I understand this is a little unorthodox.

Lets say I have this hash.

 someHash = {
    'item1' => '5',
    'item2' => '7',
    'item3' => '45',
    'item4' => '09'

Using native js, or prototype or Jquery -- is there a method that will enable me to get the "key name" by just having the value?

I don't want all the keys, just the one that matches my value. Sorta of a like a map in reverse?

I am getting a return from the db which I get a "value" and I have to match that value with some js hash on the front end.

So the app hands me "45"... Is there a way to use js (prototype or jquery) to then get the key "item3"?

  • 2
    You'll have to iterate over every single key/value pair and return the first key that contains your value. – Blender Mar 14 '12 at 21:12
  • Hashes don't work that way. They provide efficient lookup of the key to get the value. The other way around requires iteration of (possibly) every single key until you find the matching value. Just reverse your definition of key and value. – user1207456 Mar 14 '12 at 21:13
  • For normal arrays, you can use .indexOf, but you're talking about looping through object elements. – Brad Mar 14 '12 at 21:14

In order to get the keys which map to a given value you'll need to search the object properties. For example

function getKeysForValue(obj, value) {
  var all = [];
  for (var name in obj) {
    if (Object.hasOwnProperty(name) && obj[name] === value) {
  return all;
  • What if the value is an array? like {a : ['b','c','d']} – Jazmin Oct 23 '14 at 6:41

Using underscore.js:


There is no direct method but you can try something like this.

var key;
$.each(someHash, function(key, val){
    if(val == 'valToCompare'){
        key = key;
        return false;
  • break doesn't work because you don't have an actual loop. You need to return false. – pimvdb Mar 14 '12 at 21:13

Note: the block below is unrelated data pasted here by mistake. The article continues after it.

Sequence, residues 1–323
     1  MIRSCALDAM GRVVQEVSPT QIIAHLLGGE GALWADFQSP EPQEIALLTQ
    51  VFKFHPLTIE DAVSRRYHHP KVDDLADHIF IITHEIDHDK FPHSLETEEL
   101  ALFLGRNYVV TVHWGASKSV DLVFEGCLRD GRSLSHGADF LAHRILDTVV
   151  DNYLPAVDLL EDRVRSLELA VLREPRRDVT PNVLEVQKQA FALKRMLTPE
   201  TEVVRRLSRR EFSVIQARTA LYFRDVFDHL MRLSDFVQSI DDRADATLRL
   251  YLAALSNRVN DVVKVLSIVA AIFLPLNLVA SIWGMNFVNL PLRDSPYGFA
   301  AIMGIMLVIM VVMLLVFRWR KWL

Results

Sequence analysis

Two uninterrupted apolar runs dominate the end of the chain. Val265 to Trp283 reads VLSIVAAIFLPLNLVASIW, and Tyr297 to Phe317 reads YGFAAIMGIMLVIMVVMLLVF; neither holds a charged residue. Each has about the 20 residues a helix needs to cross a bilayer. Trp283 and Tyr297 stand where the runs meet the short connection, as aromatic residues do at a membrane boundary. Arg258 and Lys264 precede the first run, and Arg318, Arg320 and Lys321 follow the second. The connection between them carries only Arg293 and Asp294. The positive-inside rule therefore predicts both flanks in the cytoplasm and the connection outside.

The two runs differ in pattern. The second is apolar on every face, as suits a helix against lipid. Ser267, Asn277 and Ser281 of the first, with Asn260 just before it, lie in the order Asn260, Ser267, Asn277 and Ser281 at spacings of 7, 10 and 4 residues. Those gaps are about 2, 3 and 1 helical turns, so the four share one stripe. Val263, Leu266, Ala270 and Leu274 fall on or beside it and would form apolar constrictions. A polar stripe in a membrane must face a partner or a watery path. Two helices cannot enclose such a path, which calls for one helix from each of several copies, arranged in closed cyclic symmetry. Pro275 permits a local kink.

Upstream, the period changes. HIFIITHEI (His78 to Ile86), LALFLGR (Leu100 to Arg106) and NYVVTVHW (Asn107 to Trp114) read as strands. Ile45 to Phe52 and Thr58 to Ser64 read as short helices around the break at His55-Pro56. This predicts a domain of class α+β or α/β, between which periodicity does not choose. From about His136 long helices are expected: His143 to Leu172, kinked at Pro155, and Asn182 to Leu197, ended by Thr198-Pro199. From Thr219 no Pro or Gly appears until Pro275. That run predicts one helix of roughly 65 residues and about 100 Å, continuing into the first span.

• Is jQuery really necessary here? – Blender Mar 14 '12 at 21:17
  • 1
    @Blender - It is not required but you can use any way to loop through if performance is not the criteria. – ShankarSangoli Mar 14 '12 at 22:55

Without uniqueness you can get the first:

var hash = {item1: 0, item2: 1},
    value = 1,
for(var i in hash)
    if (hash.hasOwnProperty(i) && hash[i] === value) {
        key = i;
key; // item2

hasOwnProperty ensures that hash has the property not a prototype.

break stops the loop once a key is found.


I don't know of a native answer, but you could write your own:

var someHash = {
  'item1' : '5',
  'item2' : '7',
  'item3' : '45',
  'item4' : '09'

function getKeyByValue(hash, value) {
  var key;
  for(key in hash) {
    if (hash[key] == value) return key;

alert(getKeyByValue(someHash, '7'));

Perhaps array_flip could help you. This makes a new array where the keys are the values and vice versa. Then, just look for the key in that new array, and the resulting value is the key in the original array you were looking for.


Loop through the object.

function findInObj(obj, needle)
    for(var x in obj){
      if(obj.x==needle) return x;
    return false;
  • Wow. the answers come fast on this site. – whiteatom Mar 14 '12 at 21:15

Since more than one property in an object can have the same value, you could return an array of the property names that match the value.

var someHash={
function hasAny(what){
    var names= [];
    for(var p in this){
        if(this[p]=== what) names.push(p);
    return names;

hasAny.call(someHash, '7');

/* returned value: (Array) item2,item5 */

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